Noted Bengali Nazrulgeeti Singer LIPIKA DAS from Kolkata: WBRi Interview-Feature

Video: Lipika Das chats with WBRi

Lipika DasKolkata, April 14, 2012 (Washington Bangla Radio / Penning Creations) Dedicated practitioners of Nazrulgeeti are somewhat rare in Bengal. Which is why meeting Lipika Das at her Kolkata residence turned out to be a revealing experience. After a warm welcome, the questions came forth naturally and the interview was candid.

Lipika Das began her music lessons at the age of seven under Dwijen Ghosh, an eminent music personality from Bangladesh. Under him, she learned several forms of music including classical and semi-classical. In fact she also began performing on stage under him at various local music programs and was soon able to free herself of the inhibitions of public performances. Although she learned the singing practices across various genres, she chose to specialize in Nazrulgeeti. However, owing to audience demands, she often has to switch to other musical forms such as Rabindrasangeet, folk and contemporary music.

Speaking about the popularity of Nazrulgeeti in Bengal, Lipika is of the opinion that although the songs of Nazrul have not attained the same measure of popularity in West Bengal as compared to Rabindrasangeet, yet there is considerable demand for his songs, but only amongst certain groups of people. She attributes it to the lack of awareness and proper presentation of Nazrulgeeti. Talking about the differences between the two forms, Lipika believes that apart from the obvious disparities in terms of the rhythmic and tonal qualities, Nazrulgeeti has a far greater impact amongst the common masses because of the simplicity of its lyrics, whereas Rabindrasangeet has greater appeal amongst the educated classes. She realizes that there needs to be much more awareness in West Bengal about Nazrul songs before it attains the scale of popularity as in Bangladesh. The reason for this, she believes, is that the pattern of music preferred in Bengal is very different from that in Bangladesh. As such, an introduction of varied musical patterns can help in a greater acceptance of Nazrul songs here in Bengal.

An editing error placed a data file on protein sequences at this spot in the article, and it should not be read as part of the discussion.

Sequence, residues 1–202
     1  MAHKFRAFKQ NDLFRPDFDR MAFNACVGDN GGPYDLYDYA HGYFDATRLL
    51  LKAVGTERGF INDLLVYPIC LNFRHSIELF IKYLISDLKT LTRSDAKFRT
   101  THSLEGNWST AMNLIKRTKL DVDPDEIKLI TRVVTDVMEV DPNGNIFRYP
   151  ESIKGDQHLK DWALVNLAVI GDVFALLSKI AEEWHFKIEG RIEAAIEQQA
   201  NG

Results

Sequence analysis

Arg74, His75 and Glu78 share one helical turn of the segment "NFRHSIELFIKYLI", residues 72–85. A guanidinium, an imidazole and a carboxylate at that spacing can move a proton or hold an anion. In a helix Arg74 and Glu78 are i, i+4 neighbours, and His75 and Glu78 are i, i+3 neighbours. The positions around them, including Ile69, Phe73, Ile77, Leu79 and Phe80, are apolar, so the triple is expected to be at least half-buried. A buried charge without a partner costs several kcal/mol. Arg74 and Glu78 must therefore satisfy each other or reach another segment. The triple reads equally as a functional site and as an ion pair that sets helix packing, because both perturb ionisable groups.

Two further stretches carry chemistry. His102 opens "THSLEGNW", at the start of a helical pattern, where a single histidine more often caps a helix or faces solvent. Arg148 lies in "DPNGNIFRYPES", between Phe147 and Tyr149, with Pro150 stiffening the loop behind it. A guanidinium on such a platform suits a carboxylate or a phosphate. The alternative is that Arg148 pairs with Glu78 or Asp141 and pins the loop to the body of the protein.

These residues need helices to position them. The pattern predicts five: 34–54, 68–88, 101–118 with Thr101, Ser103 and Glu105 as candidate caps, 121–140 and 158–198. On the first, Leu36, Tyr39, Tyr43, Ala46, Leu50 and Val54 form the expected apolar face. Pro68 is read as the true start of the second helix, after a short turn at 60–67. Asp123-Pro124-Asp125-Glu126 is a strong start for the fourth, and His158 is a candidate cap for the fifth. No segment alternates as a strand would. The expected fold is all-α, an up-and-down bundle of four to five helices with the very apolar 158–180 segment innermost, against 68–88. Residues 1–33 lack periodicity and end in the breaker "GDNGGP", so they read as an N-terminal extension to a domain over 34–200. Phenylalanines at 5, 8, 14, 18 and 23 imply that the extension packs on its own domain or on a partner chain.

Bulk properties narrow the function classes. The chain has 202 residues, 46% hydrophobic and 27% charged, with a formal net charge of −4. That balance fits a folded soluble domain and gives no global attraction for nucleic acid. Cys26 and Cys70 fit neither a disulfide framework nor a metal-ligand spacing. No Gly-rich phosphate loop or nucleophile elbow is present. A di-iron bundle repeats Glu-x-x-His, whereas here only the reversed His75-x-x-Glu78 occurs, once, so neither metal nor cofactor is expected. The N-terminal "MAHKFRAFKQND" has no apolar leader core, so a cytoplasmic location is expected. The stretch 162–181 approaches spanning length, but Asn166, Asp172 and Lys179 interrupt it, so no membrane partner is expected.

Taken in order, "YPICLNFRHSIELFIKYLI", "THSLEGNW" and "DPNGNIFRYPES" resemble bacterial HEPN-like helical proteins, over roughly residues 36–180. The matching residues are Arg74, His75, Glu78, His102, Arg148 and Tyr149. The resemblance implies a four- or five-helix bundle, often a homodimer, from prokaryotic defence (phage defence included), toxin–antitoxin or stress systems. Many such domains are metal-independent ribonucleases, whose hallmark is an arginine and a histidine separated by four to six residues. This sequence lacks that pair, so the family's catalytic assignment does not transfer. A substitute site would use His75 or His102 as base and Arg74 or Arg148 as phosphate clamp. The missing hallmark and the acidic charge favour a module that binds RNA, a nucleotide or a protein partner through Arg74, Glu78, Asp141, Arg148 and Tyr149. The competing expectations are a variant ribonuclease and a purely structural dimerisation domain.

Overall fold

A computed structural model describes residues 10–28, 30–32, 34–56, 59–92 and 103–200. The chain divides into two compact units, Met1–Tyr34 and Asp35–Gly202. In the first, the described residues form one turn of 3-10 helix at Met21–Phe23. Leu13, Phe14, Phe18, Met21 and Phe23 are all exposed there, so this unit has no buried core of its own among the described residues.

Lipika has her hands full, juggling office work with her singing. In fact she has been part of several cultural events at her workplace and has won awards at national level competitions singing Nazrul songs amongst others. Being part of such cultural meets has given her the necessary boost to continue with her singing and also facilitated future invitations to perform in several places. On the top of her wish list is to have the opportunity to perform in Bangladesh, where the reception to Nazrulgeeti is like nowhere else. Recently she has independently produced a music CD with songs sung by her. The songs are an eclectic mixture of Nazrulgeeti, Rabindrasangeet and several other contemporary songs with Lipika lending her voice. The CD’s have been well received by many and she is encouraged to bring out songs of Nazrul in the days to come. She also runs a music school from home named ‘Oikotaan’ where she teaches music to many aspirants. In the future, she has plans to widen the awareness and scope of new music forms as she continues to successfully dabble with work and pleasure.